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Fundamental and basic physics questions on flux lines

  1. Mar 11, 2012 #1
    Ok,

    Please correct me if I'm wrong;

    Flux lines are a sort of mathematical visualisation of magnetic fields, they do not exist. As such, there still exists a magnetic field between flux lines (?), just in calculations we use flux lines because they are simpler (?). In voltage transformers, we use an iron core because flux travels better in iron than air (if this is true, why is this?). Also, since flux lines (i.e. magnetic field) can still exist in air, we can have a transformer without an iron core...? (just won't work as efficiently?).

    If the above is correct then I have some doubts;

    What does 1 line of flux represent exactly? Is it arbitrarily chosen at point of calculation or it means something? An amount of magnetic field strength or something along those lines? If it is set, then I'd like to know who set it?

    Then lastly, I'd like to know how exactly does magnetic induction work? This is what I understand and please correct me if I'm wrong;

    A magnetic field passes through a piece of electrical wire, the charged particles (another doubt, the charged particles are just electrons--> right?) in the wire move to minimize the effect of the magnetic field (like magnetisation?) and this is why if you have a DC input to a transformer, you get a jump in voltage when you initially turn it on then goes to zero? (I am not sure about this too, does this happen?). And this is why if you have AC input to a transformer, you get an AC output because the magnetic field keeps reversing and the charges keep going back and forth?

    Many thanks for reading, I would greatly appreciate if you would answer my questions. These few fundamental questions have been bugging me for far too long, I have tried researching the answers to these but can't seem to find a black and white answer from anywhere as such I felt it would be best to just ask.

    Thanks again...
     
  2. jcsd
  3. Mar 11, 2012 #2

    tiny-tim

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    welcome to pf!

    hi ihateblackbox! welcome to pf! :smile:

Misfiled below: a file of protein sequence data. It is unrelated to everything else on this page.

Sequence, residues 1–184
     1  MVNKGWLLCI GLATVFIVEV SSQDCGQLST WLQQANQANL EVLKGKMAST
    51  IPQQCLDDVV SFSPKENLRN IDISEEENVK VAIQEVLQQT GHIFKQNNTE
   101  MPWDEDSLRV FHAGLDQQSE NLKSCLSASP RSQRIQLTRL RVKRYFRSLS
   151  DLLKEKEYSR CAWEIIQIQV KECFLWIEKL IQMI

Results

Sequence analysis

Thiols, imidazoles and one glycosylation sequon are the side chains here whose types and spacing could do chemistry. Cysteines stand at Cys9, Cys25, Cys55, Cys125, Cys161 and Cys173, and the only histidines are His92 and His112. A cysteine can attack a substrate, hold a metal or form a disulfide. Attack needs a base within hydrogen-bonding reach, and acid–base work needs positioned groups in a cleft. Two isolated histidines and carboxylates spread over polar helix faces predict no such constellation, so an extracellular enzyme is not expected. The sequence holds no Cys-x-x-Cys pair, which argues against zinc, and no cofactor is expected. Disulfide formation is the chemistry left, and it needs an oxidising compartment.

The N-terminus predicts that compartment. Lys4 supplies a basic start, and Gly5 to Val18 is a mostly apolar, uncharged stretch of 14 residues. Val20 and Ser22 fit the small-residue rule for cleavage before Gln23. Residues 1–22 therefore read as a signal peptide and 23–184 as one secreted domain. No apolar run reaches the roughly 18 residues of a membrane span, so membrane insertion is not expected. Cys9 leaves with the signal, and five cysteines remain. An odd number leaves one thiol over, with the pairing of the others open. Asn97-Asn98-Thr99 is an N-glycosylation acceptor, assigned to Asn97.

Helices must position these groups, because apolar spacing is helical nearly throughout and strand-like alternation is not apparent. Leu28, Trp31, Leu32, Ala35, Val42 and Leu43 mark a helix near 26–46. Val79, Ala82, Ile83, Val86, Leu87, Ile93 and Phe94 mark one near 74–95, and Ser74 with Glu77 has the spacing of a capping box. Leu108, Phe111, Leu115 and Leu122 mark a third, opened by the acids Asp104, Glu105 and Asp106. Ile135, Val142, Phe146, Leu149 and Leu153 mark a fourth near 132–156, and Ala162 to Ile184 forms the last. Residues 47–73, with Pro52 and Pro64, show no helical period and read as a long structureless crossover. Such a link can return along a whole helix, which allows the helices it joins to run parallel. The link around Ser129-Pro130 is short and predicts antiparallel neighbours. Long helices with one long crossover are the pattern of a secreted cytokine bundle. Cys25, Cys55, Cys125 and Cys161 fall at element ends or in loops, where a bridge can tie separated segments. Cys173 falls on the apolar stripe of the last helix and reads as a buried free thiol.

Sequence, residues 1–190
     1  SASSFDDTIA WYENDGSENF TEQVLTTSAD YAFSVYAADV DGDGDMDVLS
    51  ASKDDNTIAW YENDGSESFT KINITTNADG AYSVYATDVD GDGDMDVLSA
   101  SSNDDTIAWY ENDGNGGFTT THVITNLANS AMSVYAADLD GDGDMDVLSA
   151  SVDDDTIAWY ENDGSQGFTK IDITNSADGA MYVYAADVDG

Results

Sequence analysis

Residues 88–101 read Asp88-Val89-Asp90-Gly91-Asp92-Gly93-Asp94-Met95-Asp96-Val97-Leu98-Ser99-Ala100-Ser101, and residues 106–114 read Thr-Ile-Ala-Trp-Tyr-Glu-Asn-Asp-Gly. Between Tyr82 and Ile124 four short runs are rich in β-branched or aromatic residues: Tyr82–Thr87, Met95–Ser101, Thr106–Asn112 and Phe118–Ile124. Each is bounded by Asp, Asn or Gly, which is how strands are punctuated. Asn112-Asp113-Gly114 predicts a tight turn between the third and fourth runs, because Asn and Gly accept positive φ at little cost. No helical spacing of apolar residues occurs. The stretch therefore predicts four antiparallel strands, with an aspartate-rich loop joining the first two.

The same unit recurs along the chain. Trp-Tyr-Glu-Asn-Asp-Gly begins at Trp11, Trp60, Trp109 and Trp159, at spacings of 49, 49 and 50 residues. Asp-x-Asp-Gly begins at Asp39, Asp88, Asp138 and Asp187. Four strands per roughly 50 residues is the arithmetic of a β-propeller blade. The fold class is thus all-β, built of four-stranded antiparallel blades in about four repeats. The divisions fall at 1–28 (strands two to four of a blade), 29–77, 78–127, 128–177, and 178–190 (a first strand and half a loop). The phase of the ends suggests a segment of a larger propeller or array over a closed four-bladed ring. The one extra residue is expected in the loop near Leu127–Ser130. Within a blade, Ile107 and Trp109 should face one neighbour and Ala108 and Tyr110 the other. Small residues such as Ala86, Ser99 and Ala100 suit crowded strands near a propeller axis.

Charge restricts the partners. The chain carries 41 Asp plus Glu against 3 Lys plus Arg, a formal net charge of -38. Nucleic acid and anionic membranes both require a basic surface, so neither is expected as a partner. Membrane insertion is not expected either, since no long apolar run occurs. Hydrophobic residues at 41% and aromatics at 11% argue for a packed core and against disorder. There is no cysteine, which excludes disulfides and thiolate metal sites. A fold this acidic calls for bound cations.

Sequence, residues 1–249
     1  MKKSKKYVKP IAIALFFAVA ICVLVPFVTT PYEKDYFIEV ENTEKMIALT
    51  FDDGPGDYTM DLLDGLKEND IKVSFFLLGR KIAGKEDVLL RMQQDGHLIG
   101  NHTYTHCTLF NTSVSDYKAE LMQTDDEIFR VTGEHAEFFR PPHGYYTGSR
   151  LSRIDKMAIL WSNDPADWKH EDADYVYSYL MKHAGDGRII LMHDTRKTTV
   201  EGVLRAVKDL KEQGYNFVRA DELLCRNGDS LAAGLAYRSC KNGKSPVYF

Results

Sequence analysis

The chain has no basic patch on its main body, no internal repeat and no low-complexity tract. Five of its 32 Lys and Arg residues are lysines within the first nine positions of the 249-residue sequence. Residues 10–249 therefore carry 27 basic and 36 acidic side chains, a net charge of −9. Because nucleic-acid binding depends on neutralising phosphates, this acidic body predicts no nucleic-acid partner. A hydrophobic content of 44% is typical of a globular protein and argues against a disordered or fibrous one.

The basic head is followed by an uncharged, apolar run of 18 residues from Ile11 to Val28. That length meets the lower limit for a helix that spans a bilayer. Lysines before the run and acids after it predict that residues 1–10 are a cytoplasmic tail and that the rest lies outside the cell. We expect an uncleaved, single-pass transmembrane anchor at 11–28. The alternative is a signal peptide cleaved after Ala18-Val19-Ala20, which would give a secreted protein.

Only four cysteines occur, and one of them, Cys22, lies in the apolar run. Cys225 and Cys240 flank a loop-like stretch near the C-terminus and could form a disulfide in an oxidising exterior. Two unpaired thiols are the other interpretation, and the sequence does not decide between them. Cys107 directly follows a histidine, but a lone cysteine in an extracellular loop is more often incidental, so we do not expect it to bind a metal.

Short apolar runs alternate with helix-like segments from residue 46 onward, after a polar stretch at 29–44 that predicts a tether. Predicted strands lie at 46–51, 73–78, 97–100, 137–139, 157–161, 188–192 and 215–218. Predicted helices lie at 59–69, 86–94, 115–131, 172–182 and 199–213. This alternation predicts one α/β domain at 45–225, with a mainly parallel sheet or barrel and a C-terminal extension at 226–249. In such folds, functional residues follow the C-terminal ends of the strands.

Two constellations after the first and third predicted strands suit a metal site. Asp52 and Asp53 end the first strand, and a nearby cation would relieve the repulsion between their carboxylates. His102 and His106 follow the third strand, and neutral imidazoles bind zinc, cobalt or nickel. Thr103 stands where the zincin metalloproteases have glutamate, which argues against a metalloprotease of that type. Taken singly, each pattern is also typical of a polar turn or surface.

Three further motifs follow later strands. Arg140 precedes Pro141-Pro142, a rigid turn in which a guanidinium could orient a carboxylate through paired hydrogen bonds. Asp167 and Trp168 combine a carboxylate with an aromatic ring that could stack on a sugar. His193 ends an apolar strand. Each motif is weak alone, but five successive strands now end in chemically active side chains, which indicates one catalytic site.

it's a bit like the contour lines on a map …

    the number of lines is arbitrary …

    one map of a hill might show far more contour lines that another amp of the same hill, if eg one is measuring in feet and the other in metres …

    the closeness of the magnetic field lines shows the strength of the field

    the flux through any surface is proportional to the number of field lines crossing it

    that strength is measured in amp-turns per metre (A.m-1): that's easiest to understand inside a solenoid, where the H field is exactly the currrent (amps) times the pitch (turns per metre) …

    increase the current, or increase the pitch, and the field lines inside the solenoid are closer together (so there's more of them) …

    increase the diameter (while keeping current and pitch the same), and you have the same field strength, so the field lines are the same distance apart, but of course there's more of them! :wink:
    if the magnetic field is constant, there's no force unless there's already a current …

    then the electrons (in the current) are a moving charge in a magnetic field, and the field forces them sideways :wink:
    yes, if the magnetic field is changing, then electrons which would otherwise be stationary do feel a force :smile:
     
  4. Mar 11, 2012 #3
    Re: welcome to pf!

    Firstly, thank you for your detailed answer :). It answered most of my questions but still some things are lingering...

    1)Just to be definitely sure, there exists a magnetic field between the flux lines correct?

    2)I am still not 100% sure how magnetic induction works. In the case of a magnet and a piece of wire, is it that the charges in the wire get attracted/repelled to one side? If so then this whole transformer thing; is simply attracting and repelling charges in the wire to create an AC current?

    3)Passing a DC voltage into a transformer (EDIT:that is off to begin with) should create a spike, correct? (even for a split second). And this is because the charges in the secondary are being attracted/repelled to another position. Correct/wrong?

    EDIT: 4) Why does flux travel better through an iron core than through air?
     
    Last edited: Mar 11, 2012
  5. Mar 11, 2012 #4
    If they don’t exist then the hill in tiny-tim’s post doesn’t exist either.

    Magnetic flux is the magnetic field. Or better: magnetic field is the magnetic flux per unit area.
     
  6. Mar 11, 2012 #5
    Yeah, I understand that, but I was talking about magnetic flux lines. Not magnetic flux. If I understand it correctly, flux lines do not exist, same as how contour lines do not exist. It is a visualisation which makes it easier for us to do calculations/whatever.